|courtesy microsoft office|
Jacqueline Woodson’s beautiful If You Come Softly, the novel we have been reading together here at 3 Sisters Village this October, is a modern day interpretation of Shakespeare’s most famous play, a romance between an African American Romeo and a white Jewish Juliet. Simultaneously, it is an exploration of race and racism in modern day U.S. society. (see previous posts here and here for further discussion of issues of race and representation in the novel)
At first glance, this set up -- of Black and White ‘star crossed lovers’ -- suggests a country whose racial profile is necessarily one of fixed, distinct categories. People who are Black or White, this or that. Yet, as a country whose very President is multi- and not mono-ethnic, modern day America is increasingly a place of multiple ethnic heritages rather than singular ones.
In Woodson’s novel, it is the character of Carlton, Jeremiah’s Mercutio, who represents multi-ethnic identity. Carlton’s mother is white and father is Black, and he is the one to whom Jeremiah turns when he realizes he is falling in love with Ellie. Carlton is, in a sense, the moral touchstone to Jeremiah and Ellie’s romance, who realizes that interracial relationships “happen” and “ain’t the worst thing in the world.” (89) And although he’s a minor character, without him, the novel would suffer from a sense of racial anachronism. Carlton’s presence reminds the reader that multi-ethnic families and multi-ethnic characters are a reality in our vibrant society. And while couples like Jeremiah and Ellie may still face racist challenges from family, friends, and even strangers, they are no longer a complete anomaly in our ever-shrinking world.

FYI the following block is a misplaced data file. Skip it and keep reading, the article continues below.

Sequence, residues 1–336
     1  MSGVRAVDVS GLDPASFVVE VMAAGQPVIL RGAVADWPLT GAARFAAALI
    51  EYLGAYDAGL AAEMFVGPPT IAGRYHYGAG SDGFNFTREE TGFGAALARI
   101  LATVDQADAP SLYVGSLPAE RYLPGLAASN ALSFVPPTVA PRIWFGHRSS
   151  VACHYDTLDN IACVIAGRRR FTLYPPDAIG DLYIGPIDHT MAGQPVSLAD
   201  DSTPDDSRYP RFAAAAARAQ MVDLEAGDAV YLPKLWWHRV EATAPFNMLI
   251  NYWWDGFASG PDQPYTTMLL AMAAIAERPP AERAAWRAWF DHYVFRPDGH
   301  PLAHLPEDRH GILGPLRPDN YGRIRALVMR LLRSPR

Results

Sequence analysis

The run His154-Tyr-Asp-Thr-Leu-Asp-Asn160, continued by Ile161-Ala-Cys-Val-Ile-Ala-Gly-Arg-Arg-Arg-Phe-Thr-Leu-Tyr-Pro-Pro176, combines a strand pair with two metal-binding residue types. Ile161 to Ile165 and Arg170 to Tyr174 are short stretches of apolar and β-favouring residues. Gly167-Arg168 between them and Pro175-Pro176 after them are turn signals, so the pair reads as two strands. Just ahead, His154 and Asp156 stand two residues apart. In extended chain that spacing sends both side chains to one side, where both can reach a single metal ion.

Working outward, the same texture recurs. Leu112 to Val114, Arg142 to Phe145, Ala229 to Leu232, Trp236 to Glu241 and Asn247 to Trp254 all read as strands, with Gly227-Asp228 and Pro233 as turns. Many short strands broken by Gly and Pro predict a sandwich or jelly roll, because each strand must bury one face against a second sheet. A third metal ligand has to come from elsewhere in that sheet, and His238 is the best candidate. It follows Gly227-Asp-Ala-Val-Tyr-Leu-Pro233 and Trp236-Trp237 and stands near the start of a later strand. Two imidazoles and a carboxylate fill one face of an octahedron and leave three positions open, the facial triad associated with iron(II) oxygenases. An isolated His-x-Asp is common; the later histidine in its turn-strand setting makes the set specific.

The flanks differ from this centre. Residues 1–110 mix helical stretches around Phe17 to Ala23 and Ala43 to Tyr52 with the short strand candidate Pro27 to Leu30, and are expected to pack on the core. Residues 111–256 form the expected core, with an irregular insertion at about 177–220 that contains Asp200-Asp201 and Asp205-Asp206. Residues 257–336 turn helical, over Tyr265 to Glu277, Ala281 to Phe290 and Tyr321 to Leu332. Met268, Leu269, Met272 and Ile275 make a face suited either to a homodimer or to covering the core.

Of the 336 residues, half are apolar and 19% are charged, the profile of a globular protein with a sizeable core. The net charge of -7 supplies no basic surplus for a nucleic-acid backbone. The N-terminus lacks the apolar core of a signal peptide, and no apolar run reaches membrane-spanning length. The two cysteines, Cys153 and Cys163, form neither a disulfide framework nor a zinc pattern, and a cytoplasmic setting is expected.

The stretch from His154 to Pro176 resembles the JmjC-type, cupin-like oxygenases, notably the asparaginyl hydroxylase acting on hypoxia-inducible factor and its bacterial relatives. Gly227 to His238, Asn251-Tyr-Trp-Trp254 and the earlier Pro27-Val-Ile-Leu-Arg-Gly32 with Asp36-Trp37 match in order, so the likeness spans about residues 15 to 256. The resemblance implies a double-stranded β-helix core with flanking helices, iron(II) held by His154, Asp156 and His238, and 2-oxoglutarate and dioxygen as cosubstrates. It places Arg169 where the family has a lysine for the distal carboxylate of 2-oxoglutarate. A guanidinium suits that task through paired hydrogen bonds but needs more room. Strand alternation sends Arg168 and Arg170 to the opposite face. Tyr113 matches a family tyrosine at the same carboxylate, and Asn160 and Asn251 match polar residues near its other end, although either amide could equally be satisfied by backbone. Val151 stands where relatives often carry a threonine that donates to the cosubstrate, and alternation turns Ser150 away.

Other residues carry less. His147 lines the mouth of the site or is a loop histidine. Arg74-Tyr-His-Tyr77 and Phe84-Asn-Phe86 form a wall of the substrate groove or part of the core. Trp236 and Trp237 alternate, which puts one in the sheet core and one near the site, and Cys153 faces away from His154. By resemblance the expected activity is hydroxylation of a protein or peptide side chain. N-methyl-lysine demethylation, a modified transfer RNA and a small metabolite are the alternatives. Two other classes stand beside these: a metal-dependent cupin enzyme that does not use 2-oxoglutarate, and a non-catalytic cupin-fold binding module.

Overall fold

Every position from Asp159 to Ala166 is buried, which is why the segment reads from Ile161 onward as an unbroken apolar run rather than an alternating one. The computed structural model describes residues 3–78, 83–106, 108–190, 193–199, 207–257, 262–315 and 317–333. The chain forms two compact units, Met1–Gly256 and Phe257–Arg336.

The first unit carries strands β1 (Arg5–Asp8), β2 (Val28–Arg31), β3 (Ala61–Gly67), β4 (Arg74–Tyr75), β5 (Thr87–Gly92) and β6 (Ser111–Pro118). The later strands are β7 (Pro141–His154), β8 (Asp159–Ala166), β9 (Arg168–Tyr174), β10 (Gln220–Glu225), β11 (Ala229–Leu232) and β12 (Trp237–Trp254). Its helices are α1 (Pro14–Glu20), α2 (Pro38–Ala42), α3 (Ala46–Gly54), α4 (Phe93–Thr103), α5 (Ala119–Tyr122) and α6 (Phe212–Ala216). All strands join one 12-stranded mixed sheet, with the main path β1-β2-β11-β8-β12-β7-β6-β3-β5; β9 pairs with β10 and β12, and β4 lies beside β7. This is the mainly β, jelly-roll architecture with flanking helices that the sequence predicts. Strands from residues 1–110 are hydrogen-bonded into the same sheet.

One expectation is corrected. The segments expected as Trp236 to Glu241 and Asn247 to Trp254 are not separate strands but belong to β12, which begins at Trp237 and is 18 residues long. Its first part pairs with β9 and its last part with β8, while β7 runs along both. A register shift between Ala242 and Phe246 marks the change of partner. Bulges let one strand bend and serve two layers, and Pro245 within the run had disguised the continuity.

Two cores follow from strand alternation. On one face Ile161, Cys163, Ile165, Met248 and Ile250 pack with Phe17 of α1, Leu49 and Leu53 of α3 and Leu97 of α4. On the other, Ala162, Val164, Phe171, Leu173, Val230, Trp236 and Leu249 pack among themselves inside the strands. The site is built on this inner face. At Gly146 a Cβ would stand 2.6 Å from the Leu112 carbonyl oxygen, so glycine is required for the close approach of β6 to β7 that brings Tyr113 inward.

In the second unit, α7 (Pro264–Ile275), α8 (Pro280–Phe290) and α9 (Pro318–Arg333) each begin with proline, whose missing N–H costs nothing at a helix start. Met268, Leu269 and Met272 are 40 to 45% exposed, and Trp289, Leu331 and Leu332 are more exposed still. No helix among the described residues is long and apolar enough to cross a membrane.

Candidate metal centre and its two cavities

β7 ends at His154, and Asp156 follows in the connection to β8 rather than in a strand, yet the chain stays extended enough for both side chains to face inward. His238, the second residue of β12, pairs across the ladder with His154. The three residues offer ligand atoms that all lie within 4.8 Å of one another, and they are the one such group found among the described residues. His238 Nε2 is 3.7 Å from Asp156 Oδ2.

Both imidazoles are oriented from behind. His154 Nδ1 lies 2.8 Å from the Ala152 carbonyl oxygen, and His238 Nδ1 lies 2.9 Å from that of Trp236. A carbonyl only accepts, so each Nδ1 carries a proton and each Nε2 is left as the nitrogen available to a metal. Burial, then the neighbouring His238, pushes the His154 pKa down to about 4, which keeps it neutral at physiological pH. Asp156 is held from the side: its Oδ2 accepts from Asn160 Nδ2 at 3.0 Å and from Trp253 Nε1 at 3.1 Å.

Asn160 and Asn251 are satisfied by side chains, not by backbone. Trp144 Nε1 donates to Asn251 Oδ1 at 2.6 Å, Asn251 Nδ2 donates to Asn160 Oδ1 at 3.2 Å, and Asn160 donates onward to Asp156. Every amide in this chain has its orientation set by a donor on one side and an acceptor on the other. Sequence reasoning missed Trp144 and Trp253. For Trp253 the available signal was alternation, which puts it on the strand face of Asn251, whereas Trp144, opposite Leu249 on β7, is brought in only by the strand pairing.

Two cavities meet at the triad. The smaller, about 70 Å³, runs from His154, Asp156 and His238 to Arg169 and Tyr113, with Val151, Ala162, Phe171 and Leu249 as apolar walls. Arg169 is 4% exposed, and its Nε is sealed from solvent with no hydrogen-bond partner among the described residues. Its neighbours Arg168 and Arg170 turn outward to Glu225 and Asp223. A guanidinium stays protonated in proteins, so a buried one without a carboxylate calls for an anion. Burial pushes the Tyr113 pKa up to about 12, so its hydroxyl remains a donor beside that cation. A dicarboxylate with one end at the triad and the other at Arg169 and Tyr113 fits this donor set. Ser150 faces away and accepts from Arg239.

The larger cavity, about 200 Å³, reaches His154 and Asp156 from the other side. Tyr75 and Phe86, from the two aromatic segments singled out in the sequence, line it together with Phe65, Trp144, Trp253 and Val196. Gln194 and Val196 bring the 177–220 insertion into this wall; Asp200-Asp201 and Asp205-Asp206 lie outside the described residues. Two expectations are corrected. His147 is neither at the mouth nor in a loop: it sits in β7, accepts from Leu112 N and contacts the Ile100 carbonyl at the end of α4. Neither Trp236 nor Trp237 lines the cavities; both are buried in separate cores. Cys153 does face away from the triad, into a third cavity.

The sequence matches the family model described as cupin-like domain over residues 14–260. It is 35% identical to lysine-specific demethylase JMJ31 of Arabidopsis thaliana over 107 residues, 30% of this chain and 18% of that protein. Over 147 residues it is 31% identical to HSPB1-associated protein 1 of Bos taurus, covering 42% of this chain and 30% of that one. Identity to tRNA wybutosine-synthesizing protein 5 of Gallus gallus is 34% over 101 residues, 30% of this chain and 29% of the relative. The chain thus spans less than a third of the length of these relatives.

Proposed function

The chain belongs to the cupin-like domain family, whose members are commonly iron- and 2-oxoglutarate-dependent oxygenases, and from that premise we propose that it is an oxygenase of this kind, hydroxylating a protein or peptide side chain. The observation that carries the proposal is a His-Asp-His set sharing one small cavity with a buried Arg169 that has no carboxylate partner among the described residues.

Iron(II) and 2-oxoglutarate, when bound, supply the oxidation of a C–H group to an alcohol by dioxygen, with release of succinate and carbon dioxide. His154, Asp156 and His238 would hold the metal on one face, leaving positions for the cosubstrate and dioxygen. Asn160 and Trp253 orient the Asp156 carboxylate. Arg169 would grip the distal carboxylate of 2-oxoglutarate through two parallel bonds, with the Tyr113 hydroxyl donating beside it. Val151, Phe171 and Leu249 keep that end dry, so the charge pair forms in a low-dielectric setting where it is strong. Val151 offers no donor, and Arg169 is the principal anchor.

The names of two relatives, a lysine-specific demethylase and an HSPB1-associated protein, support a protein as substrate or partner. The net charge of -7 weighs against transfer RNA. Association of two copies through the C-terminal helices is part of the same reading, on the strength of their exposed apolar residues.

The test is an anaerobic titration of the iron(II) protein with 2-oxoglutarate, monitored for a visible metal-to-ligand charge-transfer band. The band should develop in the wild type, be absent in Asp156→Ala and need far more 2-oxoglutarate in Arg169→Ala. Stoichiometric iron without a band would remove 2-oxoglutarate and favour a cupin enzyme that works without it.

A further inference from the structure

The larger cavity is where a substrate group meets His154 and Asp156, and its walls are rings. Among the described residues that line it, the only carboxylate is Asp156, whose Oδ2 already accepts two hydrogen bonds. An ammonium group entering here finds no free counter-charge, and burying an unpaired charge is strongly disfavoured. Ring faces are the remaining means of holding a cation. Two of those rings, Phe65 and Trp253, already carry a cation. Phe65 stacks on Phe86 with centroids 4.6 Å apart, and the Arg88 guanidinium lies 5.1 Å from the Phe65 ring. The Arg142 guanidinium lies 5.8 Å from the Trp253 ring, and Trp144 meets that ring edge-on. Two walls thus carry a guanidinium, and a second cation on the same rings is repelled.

And now that I’ve been looking around, I’m realizing that multi-ethnic characters are popping up everywhere in children’s and YA literature. So I thought that I would suggest a few other titles with multi-ethnic characters and call out to you, the readers, to share with us some of your favorites.
In Veera Hiranandani’s The Whole Story of Half a Girl, the primary character is Sonia Nadhamuni, a half Indian and half Jewish American girl. As the title suggests, this novel deals with multi-ethnic identity in a fairly explicit way.
Yet, in other YA novels, such as The Unbecoming of Mara Dyer by Michelle Hodkin, characters simply ‘happen to be’ multi-ethnic,
To read the rest of this essay, please visit 3 Sisters Village!